Postterm pregnancy refers to gestation that lasts ≥ 42 wk. Antenatal surveillance should be considered at 41 wk. Induction of labor should be considered after 41 wk and is recommended after 42 wk.
Accurate gestational age estimation is essential in making a diagnosis of postterm pregnancy. In women with regular, normal menstrual cycles, gestational age can be estimated based on the first day of the last normal menstrual period. If dating is uncertain or inconsistent with menstrual dating, ultrasonography early in gestation (up to 20 wk) is the most accurate with accepted variation of +/− 7 days. Later in gestation, the variation increases to +/− 14 days at 20 to 30 wk gestation and +/− 21 days after 30 wk.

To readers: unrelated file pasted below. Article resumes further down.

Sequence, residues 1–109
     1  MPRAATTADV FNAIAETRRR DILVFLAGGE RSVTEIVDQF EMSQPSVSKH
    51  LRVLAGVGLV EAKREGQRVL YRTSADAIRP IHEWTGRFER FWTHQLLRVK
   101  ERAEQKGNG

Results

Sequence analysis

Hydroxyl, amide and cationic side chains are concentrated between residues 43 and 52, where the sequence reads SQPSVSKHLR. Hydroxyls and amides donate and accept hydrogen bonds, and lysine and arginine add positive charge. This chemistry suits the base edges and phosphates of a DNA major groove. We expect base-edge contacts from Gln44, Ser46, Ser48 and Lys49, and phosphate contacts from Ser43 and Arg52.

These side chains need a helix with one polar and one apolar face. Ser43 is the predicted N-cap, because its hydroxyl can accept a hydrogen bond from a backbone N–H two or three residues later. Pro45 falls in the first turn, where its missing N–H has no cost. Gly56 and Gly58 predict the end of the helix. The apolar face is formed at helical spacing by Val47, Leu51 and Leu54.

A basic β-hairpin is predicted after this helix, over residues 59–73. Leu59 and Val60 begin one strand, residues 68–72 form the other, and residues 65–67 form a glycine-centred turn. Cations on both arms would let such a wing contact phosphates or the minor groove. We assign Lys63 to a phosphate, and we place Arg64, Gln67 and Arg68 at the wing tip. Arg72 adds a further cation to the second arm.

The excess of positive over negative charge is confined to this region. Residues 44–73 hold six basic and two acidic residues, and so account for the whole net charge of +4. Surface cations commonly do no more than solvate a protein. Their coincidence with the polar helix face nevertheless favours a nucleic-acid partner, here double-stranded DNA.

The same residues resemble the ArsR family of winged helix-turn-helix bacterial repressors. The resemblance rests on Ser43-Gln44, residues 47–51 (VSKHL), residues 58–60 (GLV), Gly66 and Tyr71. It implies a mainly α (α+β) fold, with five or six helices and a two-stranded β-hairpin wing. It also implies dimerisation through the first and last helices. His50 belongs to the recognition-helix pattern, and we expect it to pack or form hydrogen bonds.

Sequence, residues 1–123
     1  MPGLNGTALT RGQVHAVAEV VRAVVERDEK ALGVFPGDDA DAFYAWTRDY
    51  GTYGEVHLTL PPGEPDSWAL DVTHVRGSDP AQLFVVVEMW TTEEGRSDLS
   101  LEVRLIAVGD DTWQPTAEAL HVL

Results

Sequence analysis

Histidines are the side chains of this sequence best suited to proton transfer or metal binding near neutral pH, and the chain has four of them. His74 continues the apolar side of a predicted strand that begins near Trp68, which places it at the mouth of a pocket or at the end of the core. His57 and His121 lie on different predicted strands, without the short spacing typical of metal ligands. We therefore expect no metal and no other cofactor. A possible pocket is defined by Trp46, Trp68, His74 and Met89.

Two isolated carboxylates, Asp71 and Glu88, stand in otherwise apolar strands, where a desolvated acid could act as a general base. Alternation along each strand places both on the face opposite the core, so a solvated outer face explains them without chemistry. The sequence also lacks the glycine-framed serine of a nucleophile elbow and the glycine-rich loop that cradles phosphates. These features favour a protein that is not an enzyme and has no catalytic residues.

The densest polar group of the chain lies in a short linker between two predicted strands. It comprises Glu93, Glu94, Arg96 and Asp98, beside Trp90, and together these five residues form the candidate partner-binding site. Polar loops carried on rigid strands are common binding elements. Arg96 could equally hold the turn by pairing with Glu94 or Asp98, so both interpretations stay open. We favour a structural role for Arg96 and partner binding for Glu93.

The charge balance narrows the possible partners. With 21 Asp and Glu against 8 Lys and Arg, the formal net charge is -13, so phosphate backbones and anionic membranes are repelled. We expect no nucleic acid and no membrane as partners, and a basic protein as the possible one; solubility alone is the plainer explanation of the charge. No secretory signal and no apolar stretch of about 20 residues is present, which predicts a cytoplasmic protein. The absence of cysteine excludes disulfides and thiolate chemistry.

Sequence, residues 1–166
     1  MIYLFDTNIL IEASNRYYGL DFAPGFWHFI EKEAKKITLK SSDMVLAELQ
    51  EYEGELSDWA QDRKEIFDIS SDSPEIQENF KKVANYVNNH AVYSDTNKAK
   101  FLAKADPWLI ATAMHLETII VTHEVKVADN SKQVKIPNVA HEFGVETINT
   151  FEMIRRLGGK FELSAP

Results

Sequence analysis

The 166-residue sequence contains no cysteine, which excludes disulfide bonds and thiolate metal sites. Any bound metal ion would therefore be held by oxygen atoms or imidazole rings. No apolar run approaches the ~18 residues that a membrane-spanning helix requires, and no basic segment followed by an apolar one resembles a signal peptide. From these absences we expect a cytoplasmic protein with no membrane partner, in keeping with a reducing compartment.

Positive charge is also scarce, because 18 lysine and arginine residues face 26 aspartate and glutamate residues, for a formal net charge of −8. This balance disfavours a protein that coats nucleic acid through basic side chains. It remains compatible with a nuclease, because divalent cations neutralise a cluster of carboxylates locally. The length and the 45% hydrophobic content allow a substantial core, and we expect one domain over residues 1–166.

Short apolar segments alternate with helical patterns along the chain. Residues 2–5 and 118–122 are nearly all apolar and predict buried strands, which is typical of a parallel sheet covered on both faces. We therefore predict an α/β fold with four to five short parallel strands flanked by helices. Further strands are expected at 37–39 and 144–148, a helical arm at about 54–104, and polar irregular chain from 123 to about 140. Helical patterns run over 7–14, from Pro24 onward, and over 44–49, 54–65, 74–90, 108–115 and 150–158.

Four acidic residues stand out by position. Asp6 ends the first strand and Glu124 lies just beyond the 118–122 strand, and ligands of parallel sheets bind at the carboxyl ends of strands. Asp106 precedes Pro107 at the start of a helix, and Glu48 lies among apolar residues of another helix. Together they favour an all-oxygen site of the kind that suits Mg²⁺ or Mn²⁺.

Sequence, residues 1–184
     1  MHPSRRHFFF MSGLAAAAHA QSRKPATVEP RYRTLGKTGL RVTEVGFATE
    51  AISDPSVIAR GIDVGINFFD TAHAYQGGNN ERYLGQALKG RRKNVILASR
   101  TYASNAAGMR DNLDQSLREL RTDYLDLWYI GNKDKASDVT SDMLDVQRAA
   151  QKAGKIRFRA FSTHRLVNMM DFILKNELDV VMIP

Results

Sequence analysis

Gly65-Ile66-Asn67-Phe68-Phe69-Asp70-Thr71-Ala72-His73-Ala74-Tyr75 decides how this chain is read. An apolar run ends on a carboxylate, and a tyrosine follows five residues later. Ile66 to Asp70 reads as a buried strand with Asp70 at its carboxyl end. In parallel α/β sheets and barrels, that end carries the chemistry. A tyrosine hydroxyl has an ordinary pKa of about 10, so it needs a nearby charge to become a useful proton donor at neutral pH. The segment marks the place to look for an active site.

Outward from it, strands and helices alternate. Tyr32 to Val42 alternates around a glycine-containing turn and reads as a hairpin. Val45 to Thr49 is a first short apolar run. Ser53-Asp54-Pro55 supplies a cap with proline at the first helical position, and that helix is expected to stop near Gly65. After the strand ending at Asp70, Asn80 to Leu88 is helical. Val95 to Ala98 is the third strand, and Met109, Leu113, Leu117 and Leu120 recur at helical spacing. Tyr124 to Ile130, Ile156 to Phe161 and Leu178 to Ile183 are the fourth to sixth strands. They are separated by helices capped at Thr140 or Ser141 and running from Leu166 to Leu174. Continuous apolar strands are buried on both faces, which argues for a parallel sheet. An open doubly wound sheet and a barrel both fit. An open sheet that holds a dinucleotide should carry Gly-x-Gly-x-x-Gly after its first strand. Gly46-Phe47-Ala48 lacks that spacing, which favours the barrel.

Postterm pregnancy increases risks for the woman and fetus. Risks include
Postmaturity refers to the condition of the fetus that results when the placenta can no longer maintain a healthy environment for growth and development, usually because the pregnancy has lasted too long. The fetus may have dry, peeling skin, overgrown nails, a large amount of scalp hair, marked creases on the palms and soles, lack of fat deposition, and skin that is stained green or yellow by meconium. Meconium aspiration is a risk.
Antenatal surveillance should be considered at 41 wk; it involves one of the following:
If there is evidence of fetal compromise or oligohydramnios, delivery is required. Induction of labor can be considered at 41 to 42 wk, particularly if the cervix is favorable, and is recommended after 42 wk.